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Impact-Resistant Windows and PGT Factory Tour
Project: Storm-Ready Design, Episode 4, Part 1
Bob visits PGT Industries to see impact-resistant windows being tested and assembled. Code Compliance Officer Dave Olmstead explains how windows break during a storm, allowing high-force winds to enter the home, pop off the roof, and cause catastrophic building failure. Impact-resistant windows are laminated to stay intact after impact so that wind cannot enter. Olmstead shows Bob the violent impact test used to certify windows to storm standards. He shows Bob windows made of standard annealed glass, tempered safety glass, and impact-resistant glass for comparison. A pneumatic cannon then fires a two by four at each of the windows. Traveling at 50 feet per second, the two-by-four completely breaks the annealed glass, penetrates the tempered glass leaving a hole, and bounces off of the impact-resistant glass leaving it shattered but held together with no holes to invite wind entry. Impact-resistant windows feature two panes of glass with a Buticite layer in between. The glass is pressure baked at 450 degrees for four hours before it can be set in the heavy-gauge frame with silicone adhesive. Bob watches the assembly process and learns that sales of these impact-resistant windows have risen 300 percent in the year since Hurricane Charley.
- Part 1: Impact-Resistant Windows and PGT Factory Tour
- Bob is at PGT Industries in Venice, Florida, for a visit with Dave Olmstead, the code compliance officer for PGT Industries, makers of impact-resistant windows. Olmstead explains how windows are a fundamental element in storm-ready buildings because they keep the envelope closed to damaging wind entry. If wind enters a home during a high wind event, it increases the pressure inside like air in a balloon. The air has to find a way out and typically pops off the roof, causing catastrophic building failure. Olmstead then shows Bob the impact resistance test that is performed on windows to determine the level of protection they offer and whether they perform up to code. The first window is made of regular annealed glass. It is not tempered, heated, or coated in any way. The second window is made of tempered safety glass. The third is of impact-resistant, laminated glass. Olmstead runs the cannon test, where a two by four is fired from a pneumatic cannon at 50 feet per second or 34 miles per hour, simulating the force of 110 mile per hour winds. The annealed glass breaks and falls from the frame. The tempered glass shatters within the frame but leaves a hole where the board entered, allowing wind to penetrate the structure. The laminated glass shatters but is held in place. It does not perforate so the home is protected from wind entry. Impact-resistant window glass is safety laminated on site at PGT. They cut glass to the appropriate size, cutting two panes, then cut butacite to fit between them. The glass sandwich is then baked with the laminate between in a heat and pressure oven for four hours. Once it is cooled, it is ready to be assembled into a window.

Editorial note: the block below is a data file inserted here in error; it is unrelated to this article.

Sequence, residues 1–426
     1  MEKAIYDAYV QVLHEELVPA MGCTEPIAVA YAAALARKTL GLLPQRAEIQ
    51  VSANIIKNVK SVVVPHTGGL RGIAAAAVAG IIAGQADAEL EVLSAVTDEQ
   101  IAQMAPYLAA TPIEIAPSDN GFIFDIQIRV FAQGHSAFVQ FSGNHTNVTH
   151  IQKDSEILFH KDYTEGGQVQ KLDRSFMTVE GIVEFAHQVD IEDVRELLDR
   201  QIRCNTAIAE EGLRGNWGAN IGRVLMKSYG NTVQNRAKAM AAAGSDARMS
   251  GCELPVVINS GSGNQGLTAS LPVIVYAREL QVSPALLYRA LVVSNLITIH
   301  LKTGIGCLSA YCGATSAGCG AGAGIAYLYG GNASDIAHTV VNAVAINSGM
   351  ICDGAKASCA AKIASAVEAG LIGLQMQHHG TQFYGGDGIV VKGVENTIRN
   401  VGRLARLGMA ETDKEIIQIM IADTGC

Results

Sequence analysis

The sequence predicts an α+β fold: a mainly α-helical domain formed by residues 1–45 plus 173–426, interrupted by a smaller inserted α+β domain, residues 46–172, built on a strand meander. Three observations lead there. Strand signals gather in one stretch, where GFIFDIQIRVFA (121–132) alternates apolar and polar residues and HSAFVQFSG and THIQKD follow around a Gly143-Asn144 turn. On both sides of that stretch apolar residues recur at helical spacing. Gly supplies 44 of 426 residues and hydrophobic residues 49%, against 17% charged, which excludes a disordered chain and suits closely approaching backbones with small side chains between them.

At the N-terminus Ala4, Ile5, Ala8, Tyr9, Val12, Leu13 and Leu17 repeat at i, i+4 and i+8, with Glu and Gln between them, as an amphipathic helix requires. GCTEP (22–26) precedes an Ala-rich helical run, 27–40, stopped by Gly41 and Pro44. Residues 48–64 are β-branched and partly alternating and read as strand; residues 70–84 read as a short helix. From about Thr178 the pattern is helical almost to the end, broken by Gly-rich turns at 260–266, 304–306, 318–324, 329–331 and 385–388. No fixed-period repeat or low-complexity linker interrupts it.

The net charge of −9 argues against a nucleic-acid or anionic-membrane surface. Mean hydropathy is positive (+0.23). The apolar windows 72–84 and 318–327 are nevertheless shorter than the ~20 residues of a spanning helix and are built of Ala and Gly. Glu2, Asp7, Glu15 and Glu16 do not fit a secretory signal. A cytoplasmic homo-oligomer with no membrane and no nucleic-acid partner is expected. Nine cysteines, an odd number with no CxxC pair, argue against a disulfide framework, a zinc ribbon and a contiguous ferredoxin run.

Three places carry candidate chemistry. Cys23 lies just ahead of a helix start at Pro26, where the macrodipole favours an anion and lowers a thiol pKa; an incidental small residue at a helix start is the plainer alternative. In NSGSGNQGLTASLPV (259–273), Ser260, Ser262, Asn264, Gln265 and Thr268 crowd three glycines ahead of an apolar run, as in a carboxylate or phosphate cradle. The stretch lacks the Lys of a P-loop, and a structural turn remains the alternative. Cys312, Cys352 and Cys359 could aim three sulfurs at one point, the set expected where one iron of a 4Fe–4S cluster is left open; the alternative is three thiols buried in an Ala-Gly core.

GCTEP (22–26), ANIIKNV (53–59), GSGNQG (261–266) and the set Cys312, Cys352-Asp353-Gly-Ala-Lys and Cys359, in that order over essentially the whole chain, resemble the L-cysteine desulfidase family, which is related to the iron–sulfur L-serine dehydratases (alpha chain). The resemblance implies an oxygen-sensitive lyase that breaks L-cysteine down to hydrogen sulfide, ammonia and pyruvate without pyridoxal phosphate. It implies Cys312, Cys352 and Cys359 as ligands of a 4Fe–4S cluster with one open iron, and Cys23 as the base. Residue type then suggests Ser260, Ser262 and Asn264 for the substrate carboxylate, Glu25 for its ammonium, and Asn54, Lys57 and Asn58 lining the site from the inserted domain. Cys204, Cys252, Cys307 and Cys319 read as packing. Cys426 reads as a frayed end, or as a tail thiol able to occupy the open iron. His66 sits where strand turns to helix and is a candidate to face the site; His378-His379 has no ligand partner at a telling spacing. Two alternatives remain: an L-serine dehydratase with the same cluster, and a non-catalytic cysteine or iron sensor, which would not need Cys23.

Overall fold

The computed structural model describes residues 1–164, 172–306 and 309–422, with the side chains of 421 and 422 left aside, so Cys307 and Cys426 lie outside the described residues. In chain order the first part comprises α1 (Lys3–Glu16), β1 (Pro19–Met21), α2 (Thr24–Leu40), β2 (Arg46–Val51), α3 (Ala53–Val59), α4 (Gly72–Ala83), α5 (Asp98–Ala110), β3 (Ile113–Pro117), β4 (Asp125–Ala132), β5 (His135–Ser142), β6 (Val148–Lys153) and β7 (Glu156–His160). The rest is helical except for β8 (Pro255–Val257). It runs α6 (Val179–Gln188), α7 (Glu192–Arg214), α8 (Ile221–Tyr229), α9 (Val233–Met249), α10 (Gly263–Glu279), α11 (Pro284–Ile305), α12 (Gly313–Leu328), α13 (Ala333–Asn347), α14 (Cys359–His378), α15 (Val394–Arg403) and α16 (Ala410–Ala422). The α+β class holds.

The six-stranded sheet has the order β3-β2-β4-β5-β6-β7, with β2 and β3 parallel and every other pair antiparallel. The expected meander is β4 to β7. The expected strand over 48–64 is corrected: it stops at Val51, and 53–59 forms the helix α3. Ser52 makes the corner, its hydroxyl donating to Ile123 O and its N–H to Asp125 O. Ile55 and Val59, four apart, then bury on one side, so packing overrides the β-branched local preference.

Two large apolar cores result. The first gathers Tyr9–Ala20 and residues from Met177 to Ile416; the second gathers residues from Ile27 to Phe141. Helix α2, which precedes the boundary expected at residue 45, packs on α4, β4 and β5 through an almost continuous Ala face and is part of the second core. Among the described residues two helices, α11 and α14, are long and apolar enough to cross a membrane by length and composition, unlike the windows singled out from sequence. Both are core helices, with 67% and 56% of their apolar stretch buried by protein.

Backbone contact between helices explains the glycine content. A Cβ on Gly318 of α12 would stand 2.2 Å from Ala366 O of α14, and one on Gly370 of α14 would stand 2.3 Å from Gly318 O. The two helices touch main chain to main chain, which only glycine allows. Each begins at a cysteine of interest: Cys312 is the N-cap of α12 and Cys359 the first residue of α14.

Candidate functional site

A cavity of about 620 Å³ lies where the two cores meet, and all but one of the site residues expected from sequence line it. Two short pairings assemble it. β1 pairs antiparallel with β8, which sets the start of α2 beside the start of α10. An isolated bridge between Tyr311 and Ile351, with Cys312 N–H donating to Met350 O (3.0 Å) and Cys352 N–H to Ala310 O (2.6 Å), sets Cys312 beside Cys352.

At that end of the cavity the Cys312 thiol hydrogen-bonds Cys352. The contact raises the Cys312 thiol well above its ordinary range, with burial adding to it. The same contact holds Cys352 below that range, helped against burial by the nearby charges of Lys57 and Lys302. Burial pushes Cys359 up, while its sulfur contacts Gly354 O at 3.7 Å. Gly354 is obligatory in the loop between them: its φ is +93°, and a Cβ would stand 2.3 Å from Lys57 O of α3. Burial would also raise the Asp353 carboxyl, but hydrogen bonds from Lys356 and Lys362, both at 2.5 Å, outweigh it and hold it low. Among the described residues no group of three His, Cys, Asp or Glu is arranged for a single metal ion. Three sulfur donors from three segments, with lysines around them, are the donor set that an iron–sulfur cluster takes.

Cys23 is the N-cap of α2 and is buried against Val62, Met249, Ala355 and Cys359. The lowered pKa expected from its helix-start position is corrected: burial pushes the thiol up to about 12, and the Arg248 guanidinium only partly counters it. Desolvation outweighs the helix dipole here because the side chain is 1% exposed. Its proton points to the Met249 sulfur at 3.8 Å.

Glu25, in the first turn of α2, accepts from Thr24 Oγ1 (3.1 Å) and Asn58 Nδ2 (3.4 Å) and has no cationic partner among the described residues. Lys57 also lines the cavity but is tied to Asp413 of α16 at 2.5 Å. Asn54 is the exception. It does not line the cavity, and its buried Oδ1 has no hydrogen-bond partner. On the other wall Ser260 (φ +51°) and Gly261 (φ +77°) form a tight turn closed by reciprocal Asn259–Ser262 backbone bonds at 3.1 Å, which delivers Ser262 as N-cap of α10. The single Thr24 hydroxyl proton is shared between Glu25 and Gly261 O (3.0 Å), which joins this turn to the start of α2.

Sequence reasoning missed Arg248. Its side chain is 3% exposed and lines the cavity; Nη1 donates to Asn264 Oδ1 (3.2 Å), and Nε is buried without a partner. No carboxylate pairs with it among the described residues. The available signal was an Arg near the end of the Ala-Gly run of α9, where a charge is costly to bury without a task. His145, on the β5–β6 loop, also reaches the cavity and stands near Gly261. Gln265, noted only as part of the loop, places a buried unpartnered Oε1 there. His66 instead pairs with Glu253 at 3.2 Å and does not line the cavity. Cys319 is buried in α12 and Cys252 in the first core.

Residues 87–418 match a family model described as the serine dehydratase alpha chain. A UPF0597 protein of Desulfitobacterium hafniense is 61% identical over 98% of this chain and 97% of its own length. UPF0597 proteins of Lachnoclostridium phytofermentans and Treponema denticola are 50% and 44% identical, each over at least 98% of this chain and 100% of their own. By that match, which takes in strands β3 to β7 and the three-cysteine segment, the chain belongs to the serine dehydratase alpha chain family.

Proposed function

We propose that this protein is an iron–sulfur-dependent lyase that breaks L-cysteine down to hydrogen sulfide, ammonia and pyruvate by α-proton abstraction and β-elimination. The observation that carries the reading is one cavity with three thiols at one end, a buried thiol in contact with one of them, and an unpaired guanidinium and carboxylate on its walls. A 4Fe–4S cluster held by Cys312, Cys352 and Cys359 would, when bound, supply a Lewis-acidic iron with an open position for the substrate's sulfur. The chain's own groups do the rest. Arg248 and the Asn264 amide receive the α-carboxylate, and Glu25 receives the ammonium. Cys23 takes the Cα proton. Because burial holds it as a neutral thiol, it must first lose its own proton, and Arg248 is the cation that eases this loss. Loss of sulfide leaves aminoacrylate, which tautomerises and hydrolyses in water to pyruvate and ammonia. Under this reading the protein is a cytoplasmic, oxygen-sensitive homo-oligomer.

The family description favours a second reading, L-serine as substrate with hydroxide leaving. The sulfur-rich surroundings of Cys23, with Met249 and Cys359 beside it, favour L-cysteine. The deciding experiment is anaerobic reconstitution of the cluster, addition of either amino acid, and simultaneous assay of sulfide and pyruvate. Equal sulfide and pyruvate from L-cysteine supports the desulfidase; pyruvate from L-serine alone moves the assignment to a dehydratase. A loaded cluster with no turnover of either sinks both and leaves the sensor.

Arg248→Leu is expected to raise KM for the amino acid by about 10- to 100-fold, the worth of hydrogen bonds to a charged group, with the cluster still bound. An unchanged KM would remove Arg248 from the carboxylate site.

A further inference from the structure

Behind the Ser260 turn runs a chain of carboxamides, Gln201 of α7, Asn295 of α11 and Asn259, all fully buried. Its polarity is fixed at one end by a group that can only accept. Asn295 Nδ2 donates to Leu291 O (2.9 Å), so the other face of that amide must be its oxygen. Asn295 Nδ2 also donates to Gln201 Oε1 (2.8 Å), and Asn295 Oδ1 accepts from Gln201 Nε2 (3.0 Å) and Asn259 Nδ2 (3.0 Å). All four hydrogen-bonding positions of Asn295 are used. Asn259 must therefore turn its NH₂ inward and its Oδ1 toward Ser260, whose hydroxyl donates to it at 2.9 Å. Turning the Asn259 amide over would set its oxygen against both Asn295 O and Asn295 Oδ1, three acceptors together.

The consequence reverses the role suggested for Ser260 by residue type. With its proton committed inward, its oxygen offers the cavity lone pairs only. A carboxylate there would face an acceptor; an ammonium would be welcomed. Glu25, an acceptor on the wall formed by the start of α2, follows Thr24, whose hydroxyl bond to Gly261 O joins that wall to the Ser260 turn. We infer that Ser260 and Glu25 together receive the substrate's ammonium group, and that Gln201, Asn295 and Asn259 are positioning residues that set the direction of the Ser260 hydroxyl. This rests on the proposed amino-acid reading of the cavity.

- Part 2: Finishing the Impact-Resistant Windows
- Part 3: Building Reinforced Concrete Storm-Ready Homes in Florida
When hurricanes strike again and again, as they did in Florida in 2004, the effects are devastating. Bob Vila and crew work to completely rebuild a damaged house, using new standards for storm-ready housing. Along the way, Bob investigates a home's vulnerabilities in extreme weather and learns why some building systems fail and others succeed.
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